Chinese companies slash advertising as COVID slowdown bites

Chinese companies are slashing their online advertising as COVID-19 shutdowns hit consumer spending while a slowing economy dents hopes for a quick recovery.

Internet groups including Tencent and Baidu are warning that their digital advertising revenue tumbled in the first three months of the year and they don’t expect the second quarter to be much better as companies respond to a drop in their own sales by cutting back on marketing budgets.

Tencent, operator of China’s popular WeChat app, said its online advertising business — which accounted for 16% of its total revenue last year — fell 18% to 18 billion yuan ($2.7 billion) in the first quarter.

Search engine Baidu’s ad sales were off 6% in the January-March period from a year ago. Advertising sales account for about 78% of what Baidu calls its “core businesses.”

“The negative impact of COVID is particularly notable on advertising, partly because of the overall pressure on GDP,” James Mitchell, Tencent’s chief strategy officer, told a conference call last month. “Many companies, especially multinationals, run their marketing budgets out of Shanghai.”

China’s financial capital is emerging from a grueling two-month lockdown that confined most of its 25 million people at home while most shops and other businesses were shuttered.

The shutdown brought consumer activity to a near-standstill and sparked logistics snarls as the country battled its worst outbreak since early in the pandemic.

The government’s zero-COVID strategy, which aims to prevent outbreaks at almost any cost with mass testing, lockdowns and quarantines, has been blamed for hitting growth in the world’s second-biggest economy. Some estimates have downgraded growth targets to below 4% this year, well off an 8.1% expansion in 2021 and Beijing’s own 5.5% goal for 2022.

“As a result of lockdowns, we think the second quarter will be worse than the first quarter in advertising revenue,” Ivan Su, a senior equity analyst at Morningstar in Hong Kong, told Nikkei Asia. “Going into the second half, we still see uncertainty relates to the COVID-19 situation in China. Any widespread lockdowns will only further delay the recovery in consumption and thus advertising spending.”

Travel and e-commerce advertising were especially sensitive to the impact of China’s COVID-19 slowdown, Su said, adding that online entertainment and video games — after regulators earlier this year approved the resumption of new game titles following a monthslong freeze — were more resilient.

“Advertisers across sectors have adjusted their budgets to be more conservative,” Cheng Yixiao, chief executive of video-sharing app Kuaishou, said last month. “And year over year growth rate of our ad revenue has moderated since mid-March without a notable recovery until now. … Once the macro situation improves, our advertising business growth will respond in a timely fashion.”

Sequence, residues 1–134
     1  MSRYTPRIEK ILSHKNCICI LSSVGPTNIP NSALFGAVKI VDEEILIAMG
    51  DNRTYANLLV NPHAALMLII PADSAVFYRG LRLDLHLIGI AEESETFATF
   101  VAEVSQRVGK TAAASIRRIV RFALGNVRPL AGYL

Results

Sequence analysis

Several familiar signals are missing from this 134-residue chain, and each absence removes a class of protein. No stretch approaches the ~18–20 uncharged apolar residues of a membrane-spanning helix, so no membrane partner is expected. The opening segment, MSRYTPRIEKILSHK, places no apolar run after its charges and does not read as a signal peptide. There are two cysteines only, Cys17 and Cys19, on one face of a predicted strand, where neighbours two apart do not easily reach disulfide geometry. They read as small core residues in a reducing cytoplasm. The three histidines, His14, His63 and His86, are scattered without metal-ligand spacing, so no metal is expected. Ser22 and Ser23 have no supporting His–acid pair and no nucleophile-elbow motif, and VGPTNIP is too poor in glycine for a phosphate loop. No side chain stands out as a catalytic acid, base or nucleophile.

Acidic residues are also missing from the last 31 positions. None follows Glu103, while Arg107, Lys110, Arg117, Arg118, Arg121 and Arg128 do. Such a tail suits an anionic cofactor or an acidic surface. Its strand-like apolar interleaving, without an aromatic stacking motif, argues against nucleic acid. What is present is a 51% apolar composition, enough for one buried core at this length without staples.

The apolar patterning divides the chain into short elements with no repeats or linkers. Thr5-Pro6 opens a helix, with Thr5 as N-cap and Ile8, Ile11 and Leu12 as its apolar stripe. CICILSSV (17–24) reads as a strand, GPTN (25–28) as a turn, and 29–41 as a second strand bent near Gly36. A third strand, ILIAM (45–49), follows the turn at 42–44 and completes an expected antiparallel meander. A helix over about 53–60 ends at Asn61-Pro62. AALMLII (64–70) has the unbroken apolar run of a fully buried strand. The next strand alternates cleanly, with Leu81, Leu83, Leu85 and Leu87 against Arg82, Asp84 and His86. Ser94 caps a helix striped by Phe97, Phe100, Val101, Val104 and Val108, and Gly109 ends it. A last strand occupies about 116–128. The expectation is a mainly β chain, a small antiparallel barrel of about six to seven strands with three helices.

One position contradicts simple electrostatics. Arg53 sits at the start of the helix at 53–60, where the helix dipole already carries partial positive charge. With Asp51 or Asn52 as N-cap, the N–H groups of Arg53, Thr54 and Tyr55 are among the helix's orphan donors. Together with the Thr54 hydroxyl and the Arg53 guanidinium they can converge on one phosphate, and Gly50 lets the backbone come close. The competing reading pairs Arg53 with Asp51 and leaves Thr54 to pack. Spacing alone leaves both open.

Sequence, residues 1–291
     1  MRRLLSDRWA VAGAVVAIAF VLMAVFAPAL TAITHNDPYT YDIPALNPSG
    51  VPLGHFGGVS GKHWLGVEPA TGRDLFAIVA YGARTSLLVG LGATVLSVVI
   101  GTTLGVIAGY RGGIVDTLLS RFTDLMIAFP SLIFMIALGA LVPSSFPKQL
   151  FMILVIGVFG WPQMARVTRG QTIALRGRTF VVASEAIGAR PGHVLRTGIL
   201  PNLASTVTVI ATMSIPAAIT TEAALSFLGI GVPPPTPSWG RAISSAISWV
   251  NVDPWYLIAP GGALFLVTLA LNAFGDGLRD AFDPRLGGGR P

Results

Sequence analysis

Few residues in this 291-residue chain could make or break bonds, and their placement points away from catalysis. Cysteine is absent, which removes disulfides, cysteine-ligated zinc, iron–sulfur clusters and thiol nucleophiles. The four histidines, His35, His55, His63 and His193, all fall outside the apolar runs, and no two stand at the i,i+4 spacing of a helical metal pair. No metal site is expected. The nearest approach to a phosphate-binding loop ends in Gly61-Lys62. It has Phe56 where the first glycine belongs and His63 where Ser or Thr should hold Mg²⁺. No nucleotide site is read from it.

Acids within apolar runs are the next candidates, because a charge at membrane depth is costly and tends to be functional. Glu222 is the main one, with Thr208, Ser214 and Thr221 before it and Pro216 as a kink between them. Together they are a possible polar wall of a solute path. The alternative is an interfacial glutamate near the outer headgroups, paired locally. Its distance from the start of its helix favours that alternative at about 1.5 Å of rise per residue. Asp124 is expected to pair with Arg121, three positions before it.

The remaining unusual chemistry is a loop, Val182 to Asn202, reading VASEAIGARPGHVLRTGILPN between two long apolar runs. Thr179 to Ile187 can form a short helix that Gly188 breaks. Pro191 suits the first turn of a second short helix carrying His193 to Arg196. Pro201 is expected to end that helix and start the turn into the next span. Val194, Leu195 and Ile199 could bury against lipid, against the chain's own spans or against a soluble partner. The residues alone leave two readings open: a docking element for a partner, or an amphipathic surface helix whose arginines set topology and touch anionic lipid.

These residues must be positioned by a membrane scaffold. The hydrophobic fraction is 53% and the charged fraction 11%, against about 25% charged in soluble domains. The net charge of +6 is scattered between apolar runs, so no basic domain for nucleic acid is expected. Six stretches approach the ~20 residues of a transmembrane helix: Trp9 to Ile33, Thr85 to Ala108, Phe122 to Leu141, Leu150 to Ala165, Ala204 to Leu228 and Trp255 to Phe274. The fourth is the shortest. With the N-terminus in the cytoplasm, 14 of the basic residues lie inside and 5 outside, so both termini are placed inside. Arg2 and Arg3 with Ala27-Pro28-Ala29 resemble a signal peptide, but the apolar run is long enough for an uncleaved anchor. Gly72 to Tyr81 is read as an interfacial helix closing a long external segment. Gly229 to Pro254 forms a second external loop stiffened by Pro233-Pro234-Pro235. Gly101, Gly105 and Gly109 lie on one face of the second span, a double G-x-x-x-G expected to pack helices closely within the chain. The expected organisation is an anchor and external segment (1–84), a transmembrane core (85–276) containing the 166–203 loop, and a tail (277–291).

Short video platform Bilibili warned that the prospect of more virus outbreaks, particularly in Shanghai, would have a short-term impact on its advertising and e-commerce businesses.

“Many advertisers had their budgets delayed or put on hold in the first half of the year as a result of the pandemic and the general downturn in the economy,” company CEO Chen Rui said last month. “At the same time, this is causing the advertising industry to reflect on the fundamentals of advertising.”

China has the world’s second-biggest internet advertising market behind the U.S. with revenue totaling some $100 billion in 2021, more than the rest of Asia-Pacific, according to a recent report by consultancy PwC.

While China’s ad sales grew 21.7% in 2021, the pace was on track to slow to 16.4% this year, the report says.

Separately, Beijing-based CTR Market Research said China’s total advertising spending, including online marketing, fell nearly 9% from January to April compared with a year earlier.

“Short-term, our expectations for growth are low given that many tech companies rely on advertising as their largest contribution to revenue,” said Kai Wang, senior equity analyst at Morningstar.

Regulatory changes could also weigh on the ad market. Chinese market watchdogs have proposed new restrictions on digital marketing, including calls for a ban on misleading ads and those targeting medical treatments, cosmetics and online games to young people.

Baidu Chief Executive Robin Li acknowledged that the near-term outlook for his company’s ad sales was bleak.

“(But) looking beyond the near-term turbulence, we believe both China’s economy and Baidu’s business will remain promising for the medium to long term,” he said last month. “We expect our ad business to recuperate once overall economic buoyancy returns.”

Author: CISSY ZHOU, NIKKEI Asia

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